The DIY Guide to Submitting Your Songs to Anyone in the Music Industry

People by the thousands submit their music to executives in the music industry year after year, aspiring to take their music to the next level professionally. But if you are an artist or musician who wants to submit your song to a music label, Songwriter Cliff Goldmacher shares some tips in this article that will help give you a better chance of getting your music heard.

So you’ve written a great song, made a fabulous demo and now you’ll live happily ever after, right?  Well, kind of…  This article is the official “chapter after” you’ve written and recorded your song.  There’s no doubt that being a great songwriter and having beautifully recorded versions of your songs is an admirable goal in and of itself.  However, if you’re interested in having your songs see the light of day then your work is really just beginning.


Like any business, it’s not only “what” you know but “who” you know that gets you ahead.  What this means in the music world is getting yourself out there to open mics, writer’s nights and any industry events you can find.  For those of you in music cities like New York, Nashville and Los Angeles there are an almost endless stream of opportunities.  For everyone else, you might have to look a little harder or travel from time to time to one of the cities I just mentioned.  I think it’s a universal truth that this kind of stuff isn’t always that much fun but especially when you’re starting out, it’s essential.


Did I mention we’re talking about the music business?  This means it’s in your best interest to be professional about how you approach people in the industry.  When reaching out to someone in the music industry, call or email first.  Make this first contact short and to the point.  Let your music speak for itself.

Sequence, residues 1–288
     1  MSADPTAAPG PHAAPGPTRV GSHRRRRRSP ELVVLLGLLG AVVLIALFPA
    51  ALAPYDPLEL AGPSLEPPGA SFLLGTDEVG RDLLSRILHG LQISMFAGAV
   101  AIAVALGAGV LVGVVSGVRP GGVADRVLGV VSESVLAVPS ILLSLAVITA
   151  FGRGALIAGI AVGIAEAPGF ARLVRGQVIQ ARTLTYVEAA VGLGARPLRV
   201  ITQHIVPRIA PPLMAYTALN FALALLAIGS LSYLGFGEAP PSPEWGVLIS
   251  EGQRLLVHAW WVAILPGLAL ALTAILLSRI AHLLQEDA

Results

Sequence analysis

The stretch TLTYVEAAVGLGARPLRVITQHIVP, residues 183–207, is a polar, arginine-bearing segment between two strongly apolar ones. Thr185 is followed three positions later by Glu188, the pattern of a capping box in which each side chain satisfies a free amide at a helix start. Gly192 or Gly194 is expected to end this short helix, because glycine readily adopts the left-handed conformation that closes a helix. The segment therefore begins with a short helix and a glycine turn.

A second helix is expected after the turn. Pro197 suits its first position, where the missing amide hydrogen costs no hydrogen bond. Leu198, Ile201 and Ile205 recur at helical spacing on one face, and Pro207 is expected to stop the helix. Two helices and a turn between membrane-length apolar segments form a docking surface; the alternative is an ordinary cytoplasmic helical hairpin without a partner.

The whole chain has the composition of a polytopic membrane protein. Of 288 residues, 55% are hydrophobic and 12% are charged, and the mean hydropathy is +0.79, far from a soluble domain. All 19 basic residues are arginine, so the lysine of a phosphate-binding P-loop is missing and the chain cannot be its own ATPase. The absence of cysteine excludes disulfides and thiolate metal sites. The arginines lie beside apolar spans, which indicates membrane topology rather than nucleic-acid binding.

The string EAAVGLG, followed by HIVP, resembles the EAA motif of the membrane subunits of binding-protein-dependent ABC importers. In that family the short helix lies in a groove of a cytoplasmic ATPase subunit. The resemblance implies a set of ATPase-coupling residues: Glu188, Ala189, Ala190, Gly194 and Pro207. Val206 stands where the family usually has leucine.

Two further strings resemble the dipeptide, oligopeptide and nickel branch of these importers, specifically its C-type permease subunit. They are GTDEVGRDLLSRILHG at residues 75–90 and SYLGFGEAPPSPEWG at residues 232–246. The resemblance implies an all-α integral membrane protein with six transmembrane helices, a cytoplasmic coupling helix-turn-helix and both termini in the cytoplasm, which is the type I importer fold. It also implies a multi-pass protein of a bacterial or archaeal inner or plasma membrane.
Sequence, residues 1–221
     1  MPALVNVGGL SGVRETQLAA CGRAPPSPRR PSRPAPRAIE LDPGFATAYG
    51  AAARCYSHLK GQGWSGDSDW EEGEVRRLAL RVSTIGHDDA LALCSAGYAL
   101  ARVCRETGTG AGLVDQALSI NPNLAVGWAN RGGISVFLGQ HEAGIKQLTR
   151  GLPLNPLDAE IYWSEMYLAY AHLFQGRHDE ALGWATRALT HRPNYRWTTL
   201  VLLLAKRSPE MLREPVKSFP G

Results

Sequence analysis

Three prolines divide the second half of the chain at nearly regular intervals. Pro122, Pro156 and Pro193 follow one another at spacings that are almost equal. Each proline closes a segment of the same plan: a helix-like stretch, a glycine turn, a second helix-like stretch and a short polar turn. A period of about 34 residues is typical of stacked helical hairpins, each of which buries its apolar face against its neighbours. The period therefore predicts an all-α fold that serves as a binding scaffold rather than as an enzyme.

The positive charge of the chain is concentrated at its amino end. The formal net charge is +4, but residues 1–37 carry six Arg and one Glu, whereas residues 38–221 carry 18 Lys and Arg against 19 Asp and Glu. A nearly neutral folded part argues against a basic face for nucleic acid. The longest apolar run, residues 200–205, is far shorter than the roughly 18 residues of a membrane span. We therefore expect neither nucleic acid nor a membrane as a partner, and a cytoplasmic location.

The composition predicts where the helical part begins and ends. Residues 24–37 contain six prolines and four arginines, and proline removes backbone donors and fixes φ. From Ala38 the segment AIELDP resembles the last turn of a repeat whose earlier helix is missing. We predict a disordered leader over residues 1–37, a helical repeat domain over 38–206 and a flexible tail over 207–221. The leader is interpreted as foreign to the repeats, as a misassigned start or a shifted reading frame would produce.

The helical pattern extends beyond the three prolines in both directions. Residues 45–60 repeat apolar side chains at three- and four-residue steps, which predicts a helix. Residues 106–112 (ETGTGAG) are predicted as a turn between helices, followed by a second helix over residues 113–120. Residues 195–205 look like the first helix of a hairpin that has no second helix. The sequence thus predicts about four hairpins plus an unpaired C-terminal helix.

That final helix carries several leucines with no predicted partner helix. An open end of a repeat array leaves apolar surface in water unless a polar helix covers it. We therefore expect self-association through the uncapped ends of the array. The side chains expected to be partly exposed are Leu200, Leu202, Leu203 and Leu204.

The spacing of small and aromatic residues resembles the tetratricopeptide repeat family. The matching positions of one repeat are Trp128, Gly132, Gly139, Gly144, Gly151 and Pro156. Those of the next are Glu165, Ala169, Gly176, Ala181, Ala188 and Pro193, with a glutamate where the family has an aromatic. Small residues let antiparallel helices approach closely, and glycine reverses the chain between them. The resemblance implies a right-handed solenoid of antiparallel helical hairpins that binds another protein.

Let’s say you’re fortunate enough to reach someone by either phone or email and they’ve agreed to let you mail in a CD or email them an mp3.  Here’s what you should expect. Nothing.  In other words, it’s extremely rare that you’ll hear anything back quickly after you submit it.  (See “thousands of CD’s” above…).  As a matter of fact, you should put in your calendar to follow up two or three weeks after you’ve submitted something.  This follow up should be even shorter than your initial contact.  Email is probably best for this.  A simple email saying you wanted to make sure they’d received your submission is enough.


I think it’s important to realize that no one in the industry owes you anything.  This may sound harsh but it’s an important point.  You may very well have great songs and it would be in the best interest of the industry professional you’re pursuing to listen to them, but there are a lot of great songs out there and only a limited number of opportunities for them.  All this to say, if your song isn’t listened to right away or even if it’s lost or ignored, don’t take it personally


Given that there are so many artists, songwriters and songs out there vying for a limited number of spots, it all comes down to patience.  Patience with yourself as you improve your musical skills and patience with the industry people you’re soliciting as they make their way through all of the material in line ahead of you.  My recommendation is to have as many irons in the fire as you possibly can, at all times, so that you’re not waiting for any one thing to happen or not to happen as is so often the case.  The more people you get to know, the more opportunities you explore and the more submissions you make, the less likely you are to get discouraged and the more likely you are to start having success.




Cliff Goldmacher is a songwriter, producer, session musician, engineer, author and owner of recording studios in Nashville, TN and Sonoma, CA. Cliff’s site,, is full of resources for the aspiring songwriter including a brand new HD video series available at the link below. Cliff’s company,, provides songwriters outside of Nashville with virtual access to Nashville’s best session musicians and singers for their songwriting demos. You can download a FREE sample of Cliff’s eBook “The Songwriter’s Guide To Recording Professional Demos” by going to

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